One could also argue that by showing children some of the darker things in abstract form it helps them to come to terms with the world around them. This is the function of fairy tales and I would point the reader in the direction of the Brothers Grimm. The sanitised fluffy world of Teletubbies and Magic Pixies is fine for under - fours but the six year olds and upwards reared on computer games and The Simpsons want something with guts.

 

So am I saying that Punch is the most perfect thing since sliced bread? No. He is only as good as the performer in front of you. Some are good, some are mediocre, some are truly dreadful. Once in a while a great Punchman arrives. They understand that the secret of a good show is to have a sense of humour and a knowledge of its traditions. But these, like truly great actors, are few. So if you saw a show and didn't like it blame the showman, not Punch.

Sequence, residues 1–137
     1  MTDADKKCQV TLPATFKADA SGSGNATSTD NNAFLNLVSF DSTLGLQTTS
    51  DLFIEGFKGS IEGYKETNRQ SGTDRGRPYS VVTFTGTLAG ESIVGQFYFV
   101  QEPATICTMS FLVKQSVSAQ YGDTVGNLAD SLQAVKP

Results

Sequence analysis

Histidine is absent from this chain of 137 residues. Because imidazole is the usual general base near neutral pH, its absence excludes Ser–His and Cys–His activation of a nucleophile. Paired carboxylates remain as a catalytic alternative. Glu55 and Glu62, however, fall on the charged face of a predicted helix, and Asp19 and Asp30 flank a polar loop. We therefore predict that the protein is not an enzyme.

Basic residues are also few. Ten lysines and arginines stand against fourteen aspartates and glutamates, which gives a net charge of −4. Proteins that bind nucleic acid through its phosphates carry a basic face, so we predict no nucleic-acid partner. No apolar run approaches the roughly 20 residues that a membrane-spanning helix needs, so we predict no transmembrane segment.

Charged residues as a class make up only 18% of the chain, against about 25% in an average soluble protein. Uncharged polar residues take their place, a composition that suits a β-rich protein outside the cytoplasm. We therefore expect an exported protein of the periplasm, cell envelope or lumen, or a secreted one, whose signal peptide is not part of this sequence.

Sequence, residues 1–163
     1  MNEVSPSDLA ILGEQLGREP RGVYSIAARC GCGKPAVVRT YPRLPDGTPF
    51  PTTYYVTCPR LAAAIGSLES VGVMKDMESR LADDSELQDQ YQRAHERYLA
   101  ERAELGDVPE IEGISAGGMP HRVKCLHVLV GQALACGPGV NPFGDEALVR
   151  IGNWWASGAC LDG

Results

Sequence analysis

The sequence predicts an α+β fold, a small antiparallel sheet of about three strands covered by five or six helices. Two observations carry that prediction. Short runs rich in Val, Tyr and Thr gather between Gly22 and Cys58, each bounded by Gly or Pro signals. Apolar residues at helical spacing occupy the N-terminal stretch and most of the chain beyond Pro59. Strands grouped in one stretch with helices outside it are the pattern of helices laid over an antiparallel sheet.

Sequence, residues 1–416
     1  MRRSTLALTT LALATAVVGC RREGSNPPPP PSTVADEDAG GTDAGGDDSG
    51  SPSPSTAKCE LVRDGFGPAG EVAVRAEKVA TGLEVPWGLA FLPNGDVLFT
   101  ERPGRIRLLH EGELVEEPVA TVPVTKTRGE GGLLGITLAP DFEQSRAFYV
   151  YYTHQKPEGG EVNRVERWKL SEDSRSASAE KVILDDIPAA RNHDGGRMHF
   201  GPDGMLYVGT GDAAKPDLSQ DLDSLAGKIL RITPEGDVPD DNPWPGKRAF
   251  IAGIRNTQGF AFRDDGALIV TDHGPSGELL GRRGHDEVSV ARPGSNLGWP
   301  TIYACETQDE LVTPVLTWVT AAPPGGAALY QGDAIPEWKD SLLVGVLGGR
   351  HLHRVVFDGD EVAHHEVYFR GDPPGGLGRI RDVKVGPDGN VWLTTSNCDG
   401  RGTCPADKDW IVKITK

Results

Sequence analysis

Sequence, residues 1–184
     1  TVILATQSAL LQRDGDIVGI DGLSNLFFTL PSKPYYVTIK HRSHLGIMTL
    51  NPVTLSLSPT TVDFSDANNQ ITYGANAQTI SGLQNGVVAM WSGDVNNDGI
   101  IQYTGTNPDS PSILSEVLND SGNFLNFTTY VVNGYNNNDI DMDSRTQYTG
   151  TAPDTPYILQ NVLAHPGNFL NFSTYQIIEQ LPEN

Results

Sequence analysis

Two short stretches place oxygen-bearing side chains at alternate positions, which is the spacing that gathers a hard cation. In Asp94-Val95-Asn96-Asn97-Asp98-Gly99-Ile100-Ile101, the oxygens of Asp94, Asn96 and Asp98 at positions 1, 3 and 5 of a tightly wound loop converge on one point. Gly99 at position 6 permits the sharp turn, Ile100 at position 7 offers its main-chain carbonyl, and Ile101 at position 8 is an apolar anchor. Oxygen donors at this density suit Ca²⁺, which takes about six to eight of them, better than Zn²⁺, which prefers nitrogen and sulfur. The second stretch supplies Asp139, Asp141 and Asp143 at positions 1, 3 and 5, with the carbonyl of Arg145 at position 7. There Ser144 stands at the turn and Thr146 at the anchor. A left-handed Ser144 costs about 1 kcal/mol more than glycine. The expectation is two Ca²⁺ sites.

In recent years there have been moves among Punchmen to raise standards and the formation of organisations and regular festivals have helped this.

 

Most showmen hold on to the memory of their own childhood experience. Many are driven by a passion for Punch because, believe me, when a show goes well there is nothing like it. It is a remarkable experience and one which the child will always remember. It is a precious thing, too good to throw away - ask the kids.

 

Geoff Felix geofffelix.com

 

Geoff is a puppeteer whose credits includes the Walt Disney Company, The Jim Henson Company and Warner Brothers, a talented puppet maker and a veteran Punch and Judy Man. He is a founding member of the Punch and Judy Club.